Transdisciplinary research – what is it and why is it difficult?

One of the core goals of Imperial is to do transdisciplinary research. What does this mean?

Normal disciplinary research is easy to see. This means chemists work on chemistry problems, engineers work on engineering problems, business people work on business problems.

In the real world though, few research questions fit neatly into a discipline.

An example: improving solar panels

Three researchers in hi-vis vests discuss a solar panel, with the distinctive shape of Queen's Tower in the background.
Solar panels on the roof of the Electrical Engineering Building at Imperial’s South Kensington campus. Which research discipline develops solar panels: is it chemistry, business or engineering? Imperial College 86092

Suppose you’re concerned about climate change. You want to help the world transition towards using renewable energy sources. You think improving solar panels is a good way to do this. Is this a chemistry problem, an engineering problem or a business problem?

  • Improving the chemistry of the photovoltaic cell so it captures more energy from sunlight is good – but what if this makes the panels difficult to manufacture, or too expensive for most homes and businesses?
  • Improving the engineering of a solar panel so it’s completely recyclable (cradle-to-cradle manufacturing) is good – but not if this significantly reduces energy capture or makes them too expensive to install.
  • Improving the economic attractiveness of solar panels, for example with grants or being able to resell excess energy to the grid, is good – but not if the panels themselves are polluting to make or don’t generate enough energy to make a difference to your carbon footprint.

Working with disciplines in parallel

So the quick answer to this is to get three researchers – a chemist, an engineer and a business person – in a room and they all work on the problem together. It can be difficult because the researchers are likely to have different vocabulary to describe the issues they see, and have different ideas about what matters. Have you ever got frustrated because somebody just didn’t understand you, or because they just don’t think the thing that matters to you is important? Yup, researchers too.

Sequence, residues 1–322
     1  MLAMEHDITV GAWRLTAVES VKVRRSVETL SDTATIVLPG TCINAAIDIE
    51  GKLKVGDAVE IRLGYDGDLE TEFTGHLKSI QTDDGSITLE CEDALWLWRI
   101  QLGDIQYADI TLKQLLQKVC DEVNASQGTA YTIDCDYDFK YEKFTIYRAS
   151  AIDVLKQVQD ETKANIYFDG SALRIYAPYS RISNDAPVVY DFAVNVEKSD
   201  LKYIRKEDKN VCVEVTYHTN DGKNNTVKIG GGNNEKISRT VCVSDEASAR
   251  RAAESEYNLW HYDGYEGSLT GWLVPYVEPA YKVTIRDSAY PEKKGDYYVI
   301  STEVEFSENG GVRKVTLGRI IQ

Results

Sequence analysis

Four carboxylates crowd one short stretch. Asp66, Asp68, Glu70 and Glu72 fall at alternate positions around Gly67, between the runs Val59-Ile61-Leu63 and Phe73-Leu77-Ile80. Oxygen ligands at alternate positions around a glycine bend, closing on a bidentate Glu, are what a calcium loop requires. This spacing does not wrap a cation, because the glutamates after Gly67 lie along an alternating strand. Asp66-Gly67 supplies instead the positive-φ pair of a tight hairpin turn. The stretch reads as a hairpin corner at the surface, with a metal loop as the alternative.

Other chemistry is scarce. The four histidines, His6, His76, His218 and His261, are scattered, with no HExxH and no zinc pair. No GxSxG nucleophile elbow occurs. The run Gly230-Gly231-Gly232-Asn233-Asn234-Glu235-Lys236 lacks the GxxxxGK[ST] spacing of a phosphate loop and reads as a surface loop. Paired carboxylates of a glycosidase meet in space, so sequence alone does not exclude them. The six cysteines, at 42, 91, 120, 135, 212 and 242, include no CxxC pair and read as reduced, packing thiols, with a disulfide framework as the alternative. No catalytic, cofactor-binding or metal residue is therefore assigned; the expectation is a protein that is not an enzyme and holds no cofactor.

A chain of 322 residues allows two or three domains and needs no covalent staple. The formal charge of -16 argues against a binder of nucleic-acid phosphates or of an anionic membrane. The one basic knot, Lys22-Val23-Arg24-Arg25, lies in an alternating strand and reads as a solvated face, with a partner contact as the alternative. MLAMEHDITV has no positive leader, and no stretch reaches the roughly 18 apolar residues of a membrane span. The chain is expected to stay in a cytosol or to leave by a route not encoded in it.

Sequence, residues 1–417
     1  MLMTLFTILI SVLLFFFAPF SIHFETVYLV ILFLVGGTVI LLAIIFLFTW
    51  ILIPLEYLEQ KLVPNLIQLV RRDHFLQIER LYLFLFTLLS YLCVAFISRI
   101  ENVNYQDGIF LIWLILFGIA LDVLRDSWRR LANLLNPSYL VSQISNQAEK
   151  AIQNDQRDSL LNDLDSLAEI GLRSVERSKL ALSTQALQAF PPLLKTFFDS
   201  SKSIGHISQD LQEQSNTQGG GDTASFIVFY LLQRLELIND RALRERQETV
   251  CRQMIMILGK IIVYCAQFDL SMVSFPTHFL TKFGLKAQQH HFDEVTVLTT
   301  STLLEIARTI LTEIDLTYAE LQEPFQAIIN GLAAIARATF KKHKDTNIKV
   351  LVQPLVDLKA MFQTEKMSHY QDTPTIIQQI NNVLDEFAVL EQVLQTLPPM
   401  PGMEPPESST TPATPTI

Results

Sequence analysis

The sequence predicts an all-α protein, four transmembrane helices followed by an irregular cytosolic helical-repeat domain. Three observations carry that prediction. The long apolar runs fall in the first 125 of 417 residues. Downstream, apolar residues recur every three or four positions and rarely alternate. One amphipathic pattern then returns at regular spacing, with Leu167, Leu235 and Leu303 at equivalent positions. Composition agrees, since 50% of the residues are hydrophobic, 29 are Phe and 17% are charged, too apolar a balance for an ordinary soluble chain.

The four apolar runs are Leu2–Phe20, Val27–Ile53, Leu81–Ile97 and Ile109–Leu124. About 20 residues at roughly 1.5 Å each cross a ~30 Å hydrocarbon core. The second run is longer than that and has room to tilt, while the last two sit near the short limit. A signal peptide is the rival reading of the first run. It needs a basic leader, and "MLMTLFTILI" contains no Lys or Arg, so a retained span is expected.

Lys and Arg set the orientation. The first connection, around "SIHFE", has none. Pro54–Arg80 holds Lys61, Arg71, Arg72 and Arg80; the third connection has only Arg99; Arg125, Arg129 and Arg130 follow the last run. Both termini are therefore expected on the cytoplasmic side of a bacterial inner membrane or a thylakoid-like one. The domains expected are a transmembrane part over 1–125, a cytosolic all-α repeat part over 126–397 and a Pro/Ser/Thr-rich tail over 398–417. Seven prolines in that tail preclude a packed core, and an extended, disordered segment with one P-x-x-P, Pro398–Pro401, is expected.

But a lot of this kind of research gets done. There are people who really like these difficult cross-cultural conversations. Which is good, isn’t it?

Working with disciplines braided together

There’s a minority of people who take this further, and learn to think in more than one discipline at the same time. Like being bilingual, but it’s also like having two sets of values at the same time.

This was me! I studied chemistry, and then applied it to archaeological textiles. I had to learn to understand a little piece of medieval wool textile as a valuable imported object (economics, history), an example of vaðmál (technology studies), a sample of sheep hair (agriculture), a sample of keratin (protein science), and an indicator of an ancient ecosystem (biogeochemistry). That was deeply satisfying for me, and I can’t really explain why. But it’s not to everyone’s taste.

A sample of medieval Icelandic wool textile
A sample of medieval Icelandic wool textile. This is an indicator of money, technology, culture, an ecosystem and/or sheep farming, depending on which discipline you use to analyse it. From my own transdisciplinary research experience.

IMSE is transdisciplinary

Working across disciplines is not just what we do but who we are at IMSE. So among IMSE Affiliates, we have teams of researchers who are:

IMSE is one of the initiatives that Imperial has taken to promote research that spans disciplinary boundaries. We tackle this problem in a number of ways:

Your gut feeling

What’s your attitude to disciplines? Are you naturally drawn to one, or do you like overlapping contrasting ways of thinking?

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